Humanity has been drifting in a sea of COVID-19 for the last two years. Nations are now awaiting news on whether the Omicron strain of the coronavirus is merely another swell in that sea or a monstrous tsunami that will crash down with catastrophic effect.
Is this to be our new future, always frightened that some new mutation will obliterate whatever semblance of normalcy we’ve managed to reclaim? According to experts, only time and science will tell.
“We haven’t had anything that looks like normal yet,” says professor Lauren Ancel Meyers, director of the COVID-19 Modelling Consortium at the University of Texas at Austin.
Dealing with the continued volatility will demand quick responses. The world must remain vigilant for unusually large waves on the horizon and act swiftly — even if it means simply pressing the “pause” button.
“We might need to take a moment, limit travel and encourage mask-wearing until we know what we’re dealing with so we don’t let something that’s more contagious and deadly get out of control,” adds Meyers.
This wait could provide governments with time to prepare if the news is bad, and vaccine manufacturers with time to provide revised boosters that address the new strain.
To maintain public trust, transparency and openness will be required, just as South Africa did when it learned of the new variant’s emergence.
However, experts advise officials to proceed lightly and exercise caution.
“If there are too many false alarms, we run the risk people might stop thinking they should take the threat seriously,” says biostatistician Rachel Piltch-Loeb from the Harvard T. H. Chan School of Public Health.
COVID-19, experts anticipate, will eventually become predictable within specific limitations, similar to how influenza is today.
“We know when flu generally starts to spread, we have vaccines that are sometimes better and sometimes worse, but we know what we need to do to keep them current and keep deaths and hospitalisations low,” says Meyers.
COVID-19 is still years away from attaining a manageable condition.
For the time being, any “new normal” is questionable, according to Piltch-Loeb. “We can still be caught flat-footed by this virus.”
What could be next?
COVID-19 could take one of two paths to a predictable pattern. Both lead to the same place, but one includes significantly more pain and death.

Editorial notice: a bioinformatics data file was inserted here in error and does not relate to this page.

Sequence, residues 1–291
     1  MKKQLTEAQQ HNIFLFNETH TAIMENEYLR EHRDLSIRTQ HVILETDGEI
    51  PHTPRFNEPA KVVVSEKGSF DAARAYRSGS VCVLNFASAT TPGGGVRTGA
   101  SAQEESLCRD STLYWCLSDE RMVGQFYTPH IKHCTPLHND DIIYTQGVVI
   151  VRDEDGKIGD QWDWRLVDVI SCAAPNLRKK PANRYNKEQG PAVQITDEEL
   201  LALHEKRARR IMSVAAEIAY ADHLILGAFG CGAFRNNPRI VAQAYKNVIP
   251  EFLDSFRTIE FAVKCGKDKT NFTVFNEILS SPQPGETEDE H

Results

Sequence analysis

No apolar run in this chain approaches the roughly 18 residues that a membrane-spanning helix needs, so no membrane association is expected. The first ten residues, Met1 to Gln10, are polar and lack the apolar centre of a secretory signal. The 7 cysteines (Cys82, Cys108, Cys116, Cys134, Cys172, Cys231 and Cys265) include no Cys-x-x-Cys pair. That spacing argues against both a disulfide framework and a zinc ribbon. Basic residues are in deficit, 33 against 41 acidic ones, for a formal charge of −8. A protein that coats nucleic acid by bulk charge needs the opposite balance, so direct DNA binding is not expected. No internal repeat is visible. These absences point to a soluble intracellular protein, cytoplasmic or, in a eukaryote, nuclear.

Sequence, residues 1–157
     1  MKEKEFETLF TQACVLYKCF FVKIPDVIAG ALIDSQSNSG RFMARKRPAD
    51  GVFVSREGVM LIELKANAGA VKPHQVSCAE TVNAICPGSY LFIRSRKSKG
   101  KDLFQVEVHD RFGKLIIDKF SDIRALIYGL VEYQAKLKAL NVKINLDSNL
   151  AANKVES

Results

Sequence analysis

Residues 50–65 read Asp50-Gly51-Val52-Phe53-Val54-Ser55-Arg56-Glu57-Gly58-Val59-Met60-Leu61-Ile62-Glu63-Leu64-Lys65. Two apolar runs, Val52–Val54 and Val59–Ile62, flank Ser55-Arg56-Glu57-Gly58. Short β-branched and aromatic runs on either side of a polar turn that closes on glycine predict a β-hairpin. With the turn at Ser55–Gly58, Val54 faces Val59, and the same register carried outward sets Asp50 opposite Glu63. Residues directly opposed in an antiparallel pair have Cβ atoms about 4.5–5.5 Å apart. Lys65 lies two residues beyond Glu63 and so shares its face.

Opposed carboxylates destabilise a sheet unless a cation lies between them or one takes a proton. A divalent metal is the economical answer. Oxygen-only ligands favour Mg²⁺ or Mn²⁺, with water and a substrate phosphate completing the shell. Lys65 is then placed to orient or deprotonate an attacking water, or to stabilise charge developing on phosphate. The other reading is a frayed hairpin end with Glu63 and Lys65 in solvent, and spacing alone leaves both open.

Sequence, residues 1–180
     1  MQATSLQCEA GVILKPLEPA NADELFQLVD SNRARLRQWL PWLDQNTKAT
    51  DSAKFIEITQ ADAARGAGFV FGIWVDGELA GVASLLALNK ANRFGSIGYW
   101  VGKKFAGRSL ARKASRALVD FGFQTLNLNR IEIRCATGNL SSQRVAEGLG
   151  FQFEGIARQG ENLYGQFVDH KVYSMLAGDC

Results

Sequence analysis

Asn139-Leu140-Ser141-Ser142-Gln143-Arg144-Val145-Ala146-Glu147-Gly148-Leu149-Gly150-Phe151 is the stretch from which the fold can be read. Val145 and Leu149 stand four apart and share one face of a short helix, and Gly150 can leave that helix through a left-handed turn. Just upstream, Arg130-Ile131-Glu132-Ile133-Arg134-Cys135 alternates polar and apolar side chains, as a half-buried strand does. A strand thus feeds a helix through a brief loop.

The ideal case is that immunization protects so many people that the virus has fewer chances to develop.
President Biden stated last week during a news conference that the new normal should involve everyone receiving vaccine booster doses, reducing the number of exposed people.
“If the virus has nowhere to spread, it has no opportunity to mutate and cause new variants to emerge,” says David Souleles, director of the COVID-19 Response Team at the University of California, Irvine.
The other way permits the virus to wreak havoc on a largely unprotected human population, sickening and killing millions until enough people develop a natural immunity that there are few remaining to infect.
“Historically, that’s been how pandemics resolve. But there was a huge toll on the human population,” adds Deborah Fuller, a microbiologist and division chief for infectious diseases and translational medicine at the University of Washington School of Medicine in Seattle.
Approximately 55% of mankind is currently immunized, however coverage is patchy. Much of North America and Europe have been vaccinated, but the vast majority of Africa has not.
“We’re still looking at a multi-year horizon before we see an uptake of vaccines that’s necessary to stop new variants from coming,” says Piltch-Loeb.
In either case, the COVID-19-causing SARS-CoV-2 virus will continue to mutate and evolve.
“That’s just what viruses do,” says Fuller.
Finally, the pandemic will fade away when a sufficient number of people have developed immunity, either from prior illness or vaccination.
That is precisely what occurred during the 1918 influenza pandemic, though not before infecting one-third of the world’s population and killing at least 50 million people, according to Dr. Gregory Poland, director of the Mayo Clinic’s Vaccine Research Group.
“The reality for repertory viruses is they become endemic, with periodic epidemics,” he says.
It will be similar to dealing with cold and flu season now, according to Dr. Roger Shapiro, a Harvard Medical School professor of medicine who works in Botswana, southern Africa, where the Omicron variant was identified.
“We’re probably going to have COVID season in the United States, and throughout the world, for a long time to come,” he says. “I think it starts to get to the point where we can say, ‘This is manageable.’”
Manageable does not imply that it vanishes. Diseases almost never completely disappear; they recur in lesser forms or infect fewer persons. The threat remains, albeit at a lower level than during the initial outbreak.
The 1918 influenza virus — dubbed the H1N1 strain in the medical community — is still very much alive and well, albeit in a modified and less lethal form, according to Poland, editor-in-chief of the journal Vaccine.
“If you got a flu vaccine this year, one of the strains in the shot was for H1N1.”
There is reason to be optimistic. Although COVID-19 is far from predictable and confined, Dr. Rochelle Walensky, director of the Centers for Disease Control and Prevention, stated that our ability to fight has significantly improved.
“One thing has become clear over the last 20 months,” she said.
“We cannot predict the future, but we can be prepared for it.”
Image Credit: AP
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